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Regarding Calculator and low precision values
Authored by: Baggins on Dec 12, '05 10:56:55AM

I'm sorry, but the site you linked is incomplete.

Significant figures are used in Physics and Chemistry to specify the accuracy of a measurement. The last digit that is significant is always an approximation or the digit at which error creeps into the measurement.

In strict notation, the significant digits are always followed by an uncertainty value.

For example, 1.234 +/-.002 has four significant figures with an uncertainty of 2 in the last digit. This means the value COULD be anywhere from 1.232 to 1.236. If no error value is listed, then it is assumed the entire digit could be incorrect, meaning the value in our example could be anywhere from 1.230 to 1.239.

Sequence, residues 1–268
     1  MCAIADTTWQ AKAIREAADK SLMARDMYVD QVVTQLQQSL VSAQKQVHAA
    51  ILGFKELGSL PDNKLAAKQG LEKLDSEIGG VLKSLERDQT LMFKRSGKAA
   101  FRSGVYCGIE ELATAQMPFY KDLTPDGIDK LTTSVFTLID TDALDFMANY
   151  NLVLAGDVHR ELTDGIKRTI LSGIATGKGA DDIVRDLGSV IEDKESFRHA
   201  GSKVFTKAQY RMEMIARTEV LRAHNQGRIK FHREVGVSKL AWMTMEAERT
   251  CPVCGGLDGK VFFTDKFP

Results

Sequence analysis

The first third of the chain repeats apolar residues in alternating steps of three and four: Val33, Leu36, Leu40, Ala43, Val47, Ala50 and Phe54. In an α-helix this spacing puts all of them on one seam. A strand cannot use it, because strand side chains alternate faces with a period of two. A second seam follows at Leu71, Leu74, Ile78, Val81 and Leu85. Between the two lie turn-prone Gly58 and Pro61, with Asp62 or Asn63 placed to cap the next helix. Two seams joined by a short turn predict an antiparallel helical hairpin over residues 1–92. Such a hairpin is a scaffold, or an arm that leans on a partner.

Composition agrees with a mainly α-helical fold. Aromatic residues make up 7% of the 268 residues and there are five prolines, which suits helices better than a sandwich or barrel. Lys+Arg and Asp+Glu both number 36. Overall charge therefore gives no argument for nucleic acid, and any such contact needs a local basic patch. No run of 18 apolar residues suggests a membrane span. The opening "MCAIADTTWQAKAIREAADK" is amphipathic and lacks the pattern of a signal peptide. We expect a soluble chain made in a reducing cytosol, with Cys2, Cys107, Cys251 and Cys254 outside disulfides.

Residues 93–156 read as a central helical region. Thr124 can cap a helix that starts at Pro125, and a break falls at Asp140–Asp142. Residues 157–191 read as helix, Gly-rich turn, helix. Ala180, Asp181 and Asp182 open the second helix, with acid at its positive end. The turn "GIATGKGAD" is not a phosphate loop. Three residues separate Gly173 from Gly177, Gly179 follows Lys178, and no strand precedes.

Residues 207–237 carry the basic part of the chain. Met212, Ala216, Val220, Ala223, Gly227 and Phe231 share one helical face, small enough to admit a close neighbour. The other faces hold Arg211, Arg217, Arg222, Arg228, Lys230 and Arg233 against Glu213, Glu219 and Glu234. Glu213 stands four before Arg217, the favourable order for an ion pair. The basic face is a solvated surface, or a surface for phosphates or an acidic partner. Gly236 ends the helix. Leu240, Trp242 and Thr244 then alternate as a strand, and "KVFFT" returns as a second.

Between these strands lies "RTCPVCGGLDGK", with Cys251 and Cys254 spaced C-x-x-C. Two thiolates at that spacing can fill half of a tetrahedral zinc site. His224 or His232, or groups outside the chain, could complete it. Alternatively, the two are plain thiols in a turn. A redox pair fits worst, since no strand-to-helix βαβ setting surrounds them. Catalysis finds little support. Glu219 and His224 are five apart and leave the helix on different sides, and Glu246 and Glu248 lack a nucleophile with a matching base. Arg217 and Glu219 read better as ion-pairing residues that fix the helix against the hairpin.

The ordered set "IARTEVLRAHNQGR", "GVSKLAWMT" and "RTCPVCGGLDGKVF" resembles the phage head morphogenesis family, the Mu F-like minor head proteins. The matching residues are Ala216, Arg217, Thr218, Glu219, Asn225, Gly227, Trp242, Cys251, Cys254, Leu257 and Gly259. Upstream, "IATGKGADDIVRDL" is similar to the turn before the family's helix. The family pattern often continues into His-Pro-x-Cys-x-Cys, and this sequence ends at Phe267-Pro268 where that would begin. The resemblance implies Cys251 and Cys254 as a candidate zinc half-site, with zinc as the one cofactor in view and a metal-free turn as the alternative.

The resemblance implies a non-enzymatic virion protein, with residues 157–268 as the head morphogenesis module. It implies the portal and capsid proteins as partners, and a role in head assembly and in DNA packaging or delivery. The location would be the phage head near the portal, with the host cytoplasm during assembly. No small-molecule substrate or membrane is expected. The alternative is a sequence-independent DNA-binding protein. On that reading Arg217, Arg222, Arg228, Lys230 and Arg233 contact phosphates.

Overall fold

A classic example of this at work is when you measure something with a ruler. Assume the ruler is marked to a tenth of an inch. Your significant digits for any measure would be to the hundredth, with the hundredth being an approximation (as judged by your eyeball).

If you were being very precise, you would then add a margin of error and a confidence level to that error. The error simply states you could be off by that amount, and the confidence level is simply the probability that you are right in saying you could be off by your error margin.

When you are performing math where significant digits are involved, the rounding rules are: 0-4 round down, 5-9 round up.

If you still doubt me, go grab a frehsman college text on Chemistry.